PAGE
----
One thing is certain: Shakespeare’s The Comedy of Errors is flat out hilarious, and if it isn’t funny enough on stage, it’s the fault of the production. His only farce, it is often thought to be an early work, but it is surely far too assured to be written before 1594. It’s entirely free of the striving Marlovian rhetoric that hampers the Henry VI plays (commenced in 1591), and it is cleaner, cleverer, and more convincing than The Taming of the Shrew (probably before 1592). It is based on Plautus’s Menaechmi, an ancient Roman play about the confusion that occurs when one identical twin unknowingly stumbles into the city of the other identical twin. Shakespeare doubles this confusion by adding a second set of identical twins, and chaos naturally ensues.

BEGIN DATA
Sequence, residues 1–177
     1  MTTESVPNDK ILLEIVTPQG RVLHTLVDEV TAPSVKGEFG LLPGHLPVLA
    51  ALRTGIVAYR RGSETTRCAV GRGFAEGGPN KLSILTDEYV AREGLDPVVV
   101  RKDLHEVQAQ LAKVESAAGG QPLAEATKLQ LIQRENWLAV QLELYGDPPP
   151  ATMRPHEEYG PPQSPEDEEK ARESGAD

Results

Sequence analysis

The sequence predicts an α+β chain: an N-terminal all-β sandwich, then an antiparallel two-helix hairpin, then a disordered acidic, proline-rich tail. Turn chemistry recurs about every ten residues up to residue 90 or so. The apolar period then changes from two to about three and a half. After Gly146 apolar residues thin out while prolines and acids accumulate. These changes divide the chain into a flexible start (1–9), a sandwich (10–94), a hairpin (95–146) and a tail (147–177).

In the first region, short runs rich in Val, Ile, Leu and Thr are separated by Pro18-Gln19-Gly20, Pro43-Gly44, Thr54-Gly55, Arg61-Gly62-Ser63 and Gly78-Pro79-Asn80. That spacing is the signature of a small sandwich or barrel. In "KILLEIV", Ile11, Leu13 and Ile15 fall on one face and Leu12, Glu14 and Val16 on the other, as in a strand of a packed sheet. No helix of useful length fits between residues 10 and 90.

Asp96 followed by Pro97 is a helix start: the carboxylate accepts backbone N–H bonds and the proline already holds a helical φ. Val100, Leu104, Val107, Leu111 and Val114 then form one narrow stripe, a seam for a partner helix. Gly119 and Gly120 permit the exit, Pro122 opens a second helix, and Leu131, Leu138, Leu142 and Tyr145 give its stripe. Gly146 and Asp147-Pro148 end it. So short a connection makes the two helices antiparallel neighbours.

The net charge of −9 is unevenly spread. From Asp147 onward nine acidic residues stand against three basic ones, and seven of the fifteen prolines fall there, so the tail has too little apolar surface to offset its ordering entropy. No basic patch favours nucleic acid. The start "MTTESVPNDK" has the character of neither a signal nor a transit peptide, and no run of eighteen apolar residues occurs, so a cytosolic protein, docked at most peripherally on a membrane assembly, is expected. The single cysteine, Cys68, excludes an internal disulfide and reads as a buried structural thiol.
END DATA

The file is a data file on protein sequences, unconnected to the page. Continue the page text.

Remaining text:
Twins are a staple of comedy and horror, perhaps because they tap so directly into our fears of individuation, of doppelgängers and the precariousness of selfhood. We know who we are largely because of how we are perceived, so if we can’t be differentiated, how can we know who we are? Shakespeare articulates this beautifully when he has one of the twins say, ‘I to the world am like a drop of water that in the ocean seeks another drop.’ This melting of identity that occurs when one steps into the city is a key motif of the play; formlessness can be alarming, but it can have its pleasures too. Little wonder the play is populated with courtesans and charlatans, merchants, heavies, and nuns. Imprisonment could be around one corner, salvation the next.